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A good night's sleep is all you need for improving motor skills

The most important thing about establishing a healthy sleep pattern is to wake up on time.

Now what does it take to learn guitar or piano faster? A good night's sleep. New research has provided great insights into the role of sleep in learning motor skills requiring new movement sequences.

According to scientists at University of Montreal, the regions of the brain below the cortex play an important role as we train our bodies' movements and, critically, they interact more effectively after a night of sleep. 'After a night of sleep, we found that brain networks were more integrated, that is, interaction among these regions was greater when consolidation had occurred,' said Karen Debas, a neuropsychologist at University of Montreal. A network refers to multiple brain areas that are activated simultaneously.

According to Debas, a night of sleep seems to provide active protection of this network, which the passage of daytime does not provide. 'Moreover, only a night of sleep results in better performance of the task,' Debas added.

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To get these results, researchers led by Julien Doyon from Institut universitaire de geriatrie de Montreal Research Centre, taught participants a new sequence of piano-type finger movements on a box. The brains of the participants were observed using functional magnetic resonance imaging during their performance of the task before and after a period of sleep. The same test was performed by a control group at the beginning and end of the day, without a period of sleep. They observed improved performance of the task after a night of sleep and not the simple passage of daytime.

The findings could lead us to better understand the mechanisms that take place during sleep and ensure better interaction between key regions of the brain, researchers concluded.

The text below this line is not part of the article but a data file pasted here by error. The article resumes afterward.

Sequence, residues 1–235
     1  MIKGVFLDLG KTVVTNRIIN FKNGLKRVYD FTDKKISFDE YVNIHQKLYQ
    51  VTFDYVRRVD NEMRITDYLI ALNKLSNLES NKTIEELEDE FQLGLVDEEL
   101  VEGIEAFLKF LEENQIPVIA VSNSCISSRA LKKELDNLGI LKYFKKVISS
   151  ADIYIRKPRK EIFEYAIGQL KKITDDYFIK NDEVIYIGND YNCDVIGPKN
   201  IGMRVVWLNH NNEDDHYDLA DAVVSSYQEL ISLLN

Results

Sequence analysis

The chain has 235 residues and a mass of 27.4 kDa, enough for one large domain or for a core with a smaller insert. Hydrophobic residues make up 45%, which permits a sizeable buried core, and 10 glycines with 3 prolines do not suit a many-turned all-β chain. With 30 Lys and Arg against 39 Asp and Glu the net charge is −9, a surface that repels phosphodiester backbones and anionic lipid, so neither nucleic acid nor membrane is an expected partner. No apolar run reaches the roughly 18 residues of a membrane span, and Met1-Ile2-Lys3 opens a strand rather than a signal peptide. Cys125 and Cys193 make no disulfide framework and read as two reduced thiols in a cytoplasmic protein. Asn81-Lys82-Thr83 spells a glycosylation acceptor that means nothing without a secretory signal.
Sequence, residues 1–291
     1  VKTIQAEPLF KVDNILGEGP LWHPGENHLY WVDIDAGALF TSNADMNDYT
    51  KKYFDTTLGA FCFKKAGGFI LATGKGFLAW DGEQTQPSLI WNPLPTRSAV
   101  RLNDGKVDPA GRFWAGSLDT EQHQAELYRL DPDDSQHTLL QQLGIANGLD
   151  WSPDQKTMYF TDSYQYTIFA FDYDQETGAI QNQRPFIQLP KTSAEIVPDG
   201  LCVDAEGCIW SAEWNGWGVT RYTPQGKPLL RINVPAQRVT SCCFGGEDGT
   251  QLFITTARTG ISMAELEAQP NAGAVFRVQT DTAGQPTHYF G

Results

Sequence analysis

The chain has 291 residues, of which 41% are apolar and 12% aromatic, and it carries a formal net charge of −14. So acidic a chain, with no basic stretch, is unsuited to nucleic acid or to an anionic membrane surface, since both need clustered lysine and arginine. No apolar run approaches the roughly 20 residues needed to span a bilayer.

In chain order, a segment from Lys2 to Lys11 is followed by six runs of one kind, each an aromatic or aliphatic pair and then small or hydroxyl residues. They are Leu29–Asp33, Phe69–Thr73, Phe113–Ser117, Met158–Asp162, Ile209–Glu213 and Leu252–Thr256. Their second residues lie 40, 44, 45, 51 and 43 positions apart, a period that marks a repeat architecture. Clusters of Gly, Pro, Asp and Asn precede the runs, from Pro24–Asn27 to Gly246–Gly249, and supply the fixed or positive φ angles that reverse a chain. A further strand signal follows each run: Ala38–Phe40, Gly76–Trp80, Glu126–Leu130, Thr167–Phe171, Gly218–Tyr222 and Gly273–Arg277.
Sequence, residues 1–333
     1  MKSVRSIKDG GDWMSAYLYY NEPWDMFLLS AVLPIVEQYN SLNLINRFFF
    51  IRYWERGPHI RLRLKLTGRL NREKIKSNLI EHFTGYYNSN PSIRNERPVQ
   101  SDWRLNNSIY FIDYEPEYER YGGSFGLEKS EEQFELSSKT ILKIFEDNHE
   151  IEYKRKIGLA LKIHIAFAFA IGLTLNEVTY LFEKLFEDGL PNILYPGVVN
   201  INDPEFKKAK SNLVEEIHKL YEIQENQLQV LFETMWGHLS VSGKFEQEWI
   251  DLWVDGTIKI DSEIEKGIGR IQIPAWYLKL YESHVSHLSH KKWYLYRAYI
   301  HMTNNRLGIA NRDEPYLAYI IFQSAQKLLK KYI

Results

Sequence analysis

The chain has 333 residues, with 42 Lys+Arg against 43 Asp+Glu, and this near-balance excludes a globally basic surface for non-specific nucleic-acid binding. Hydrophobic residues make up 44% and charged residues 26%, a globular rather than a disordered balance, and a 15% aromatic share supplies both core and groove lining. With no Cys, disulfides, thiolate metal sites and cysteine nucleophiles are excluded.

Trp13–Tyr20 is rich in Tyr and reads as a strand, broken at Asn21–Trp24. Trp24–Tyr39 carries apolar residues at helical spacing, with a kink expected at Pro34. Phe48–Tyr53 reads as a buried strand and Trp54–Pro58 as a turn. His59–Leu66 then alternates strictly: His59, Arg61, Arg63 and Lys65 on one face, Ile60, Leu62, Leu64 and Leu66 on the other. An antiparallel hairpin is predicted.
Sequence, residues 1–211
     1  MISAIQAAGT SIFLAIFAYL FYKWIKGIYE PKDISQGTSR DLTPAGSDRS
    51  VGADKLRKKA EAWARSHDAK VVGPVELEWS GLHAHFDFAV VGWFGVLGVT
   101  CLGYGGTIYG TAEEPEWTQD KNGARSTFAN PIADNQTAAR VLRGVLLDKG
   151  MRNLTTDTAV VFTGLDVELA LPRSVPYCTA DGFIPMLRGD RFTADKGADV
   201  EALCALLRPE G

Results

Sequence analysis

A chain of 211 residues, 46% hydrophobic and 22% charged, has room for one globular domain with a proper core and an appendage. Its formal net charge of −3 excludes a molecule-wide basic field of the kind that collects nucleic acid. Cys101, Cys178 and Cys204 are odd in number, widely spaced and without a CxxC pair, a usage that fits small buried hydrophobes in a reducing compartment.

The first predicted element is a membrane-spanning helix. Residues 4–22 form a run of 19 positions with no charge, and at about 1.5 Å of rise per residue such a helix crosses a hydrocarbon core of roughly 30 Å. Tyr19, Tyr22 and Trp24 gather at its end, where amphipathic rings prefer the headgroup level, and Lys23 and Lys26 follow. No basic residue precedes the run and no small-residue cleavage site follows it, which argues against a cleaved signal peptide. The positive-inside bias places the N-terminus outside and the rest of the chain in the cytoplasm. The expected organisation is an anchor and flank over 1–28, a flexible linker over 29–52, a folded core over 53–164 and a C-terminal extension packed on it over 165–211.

Here are some tips that can help you sleep better

Set a seven days-a-week schedule: Go to bed at the same time every night and wake up at the same time naturally, including holidays. Choose a time that's a minimum of eight hours before you need to wake up and follow it for one week straight. If you still feel tired you need an earlier bedtime (try just 15 to 30 minutes more). Once you can get up in the morning alarm-free and feel alert most of the day, you've hit it just right.

Cut caffeine after 2 pm: Most people feel tired late afternoon and feel the urge to have caffeine. It will definitely perk you up but it could linger long after you've left work. (Read: Having trouble sleeping? Get help with these expert tips!)

Dim your devices: Many are addicted to checking social networking sites before sleeping. But the emitted light of the device is a problem. Avoid any electronics at least one hour before bed so that you don't need the sleep hormone.

Don't sleep in: The most important thing about establishing a healthy sleep pattern is to wake up on time.

Nap strategically: A mid-day snooze often helps in optimising alertness, productivity and creativity.

For more tips read: 7 simple tips for a good night's sleep

With inputs from IANS

Image source: Getty images

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